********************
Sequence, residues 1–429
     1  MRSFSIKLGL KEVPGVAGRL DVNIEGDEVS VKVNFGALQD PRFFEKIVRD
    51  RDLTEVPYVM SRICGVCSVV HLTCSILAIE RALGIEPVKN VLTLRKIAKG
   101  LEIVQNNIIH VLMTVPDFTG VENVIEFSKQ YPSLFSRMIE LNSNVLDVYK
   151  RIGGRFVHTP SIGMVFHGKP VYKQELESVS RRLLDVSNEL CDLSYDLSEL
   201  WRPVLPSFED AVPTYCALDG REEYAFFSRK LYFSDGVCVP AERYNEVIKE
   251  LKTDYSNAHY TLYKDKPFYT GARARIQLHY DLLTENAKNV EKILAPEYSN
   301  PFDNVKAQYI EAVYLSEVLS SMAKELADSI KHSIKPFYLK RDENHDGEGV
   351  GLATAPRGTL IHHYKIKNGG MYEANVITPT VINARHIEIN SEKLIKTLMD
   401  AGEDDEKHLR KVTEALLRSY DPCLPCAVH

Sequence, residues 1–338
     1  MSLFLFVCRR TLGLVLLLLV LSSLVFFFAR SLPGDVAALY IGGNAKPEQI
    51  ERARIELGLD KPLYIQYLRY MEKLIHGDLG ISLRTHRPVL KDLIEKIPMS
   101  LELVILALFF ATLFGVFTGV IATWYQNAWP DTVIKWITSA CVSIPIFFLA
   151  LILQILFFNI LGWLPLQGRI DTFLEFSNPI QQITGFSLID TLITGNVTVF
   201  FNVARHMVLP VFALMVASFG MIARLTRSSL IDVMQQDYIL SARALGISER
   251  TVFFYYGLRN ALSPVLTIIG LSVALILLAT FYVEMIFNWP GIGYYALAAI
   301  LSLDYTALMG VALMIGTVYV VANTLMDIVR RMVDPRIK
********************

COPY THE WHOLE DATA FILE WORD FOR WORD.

Sequence, residues 1–429
     1  MRSFSIKLGL KEVPGVAGRL DVNIEGDEVS VKVNFGALQD PRFFEKIVRD
    51  RDLTEVPYVM SRICGVCSVV HLTCSILAIE RALGIEPVKN VLTLRKIAKG
   101  LEIVQNNIIH VLMTVPDFTG VENVIEFSKQ YPSLFSRMIE LNSNVLDVYK
   151  RIGGRFVHTP SIGMVFHGKP VYKQELESVS RRLLDVSNEL CDLSYDLSEL
   201  WRPVLPSFED AVPTYCALDG REEYAFFSRK LYFSDGVCVP AERYNEVIKE
   251  LKTDYSNAHY TLYKDKPFYT GARARIQLHY DLLTENAKNV EKILAPEYSN
   301  PFDNVKAQYI EAVYLSEVLS SMAKELADSI KHSIKPFYLK RDENHDGEGV
   351  GLATAPRGTL IHHYKIKNGG MYEANVITPT VINARHIEIN SEKLIKTLMD
   401  AGEDDEKHLR KVTEALLRSY DPCLPCAVH

Sequence, residues 1–338
     1  MSLFLFVCRR TLGLVLLLLV LSSLVFFFAR SLPGDVAALY IGGNAKPEQI
    51  ERARIELGLD KPLYIQYLRY MEKLIHGDLG ISLRTHRPVL KDLIEKIPMS
   101  LELVILALFF ATLFGVFTGV IATWYQNAWP DTVIKWITSA CVSIPIFFLA
   151  LILQILFFNI LGWLPLQGRI DTFLEFSNPI QQITGFSLID TLITGNVTVF
   201  FNVARHMVLP VFALMVASFG MIARLTRSSL IDVMQQDYIL SARALGISER
   251  TVFFYYGLRN ALSPVLTIIG LSVALILLAT FYVEMIFNWP GIGYYALAAI
   301  LSLDYTALMG VALMIGTVYV VANTLMDIVR RMVDPRIK